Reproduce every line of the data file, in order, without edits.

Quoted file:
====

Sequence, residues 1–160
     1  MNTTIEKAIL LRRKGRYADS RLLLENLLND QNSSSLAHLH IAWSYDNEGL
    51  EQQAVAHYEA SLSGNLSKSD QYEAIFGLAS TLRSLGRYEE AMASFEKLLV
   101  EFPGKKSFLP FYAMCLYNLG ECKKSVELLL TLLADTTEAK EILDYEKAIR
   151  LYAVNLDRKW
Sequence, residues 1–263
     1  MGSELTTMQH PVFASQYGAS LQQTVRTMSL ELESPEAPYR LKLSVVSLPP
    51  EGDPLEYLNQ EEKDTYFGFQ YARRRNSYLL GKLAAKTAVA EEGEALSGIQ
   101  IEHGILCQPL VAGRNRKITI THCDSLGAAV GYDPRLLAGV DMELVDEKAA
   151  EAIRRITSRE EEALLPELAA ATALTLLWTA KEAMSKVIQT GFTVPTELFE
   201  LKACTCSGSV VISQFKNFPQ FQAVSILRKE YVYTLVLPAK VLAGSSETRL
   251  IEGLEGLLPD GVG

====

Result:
Sequence, residues 1–160
     1  MNTTIEKAIL LRRKGRYADS RLLLENLLND QNSSSLAHLH IAWSYDNEGL
    51  EQQAVAHYEA SLSGNLSKSD QYEAIFGLAS TLRSLGRYEE AMASFEKLLV
   101  EFPGKKSFLP FYAMCLYNLG ECKKSVELLL TLLADTTEAK EILDYEKAIR
   151  LYAVNLDRKW
Sequence, residues 1–263
     1  MGSELTTMQH PVFASQYGAS LQQTVRTMSL ELESPEAPYR LKLSVVSLPP
    51  EGDPLEYLNQ EEKDTYFGFQ YARRRNSYLL GKLAAKTAVA EEGEALSGIQ
   101  IEHGILCQPL VAGRNRKITI THCDSLGAAV GYDPRLLAGV DMELVDEKAA
   151  EAIRRITSRE EEALLPELAA ATALTLLWTA KEAMSKVIQT GFTVPTELFE
   201  LKACTCSGSV VISQFKNFPQ FQAVSILRKE YVYTLVLPAK VLAGSSETRL
   251  IEGLEGLLPD GVG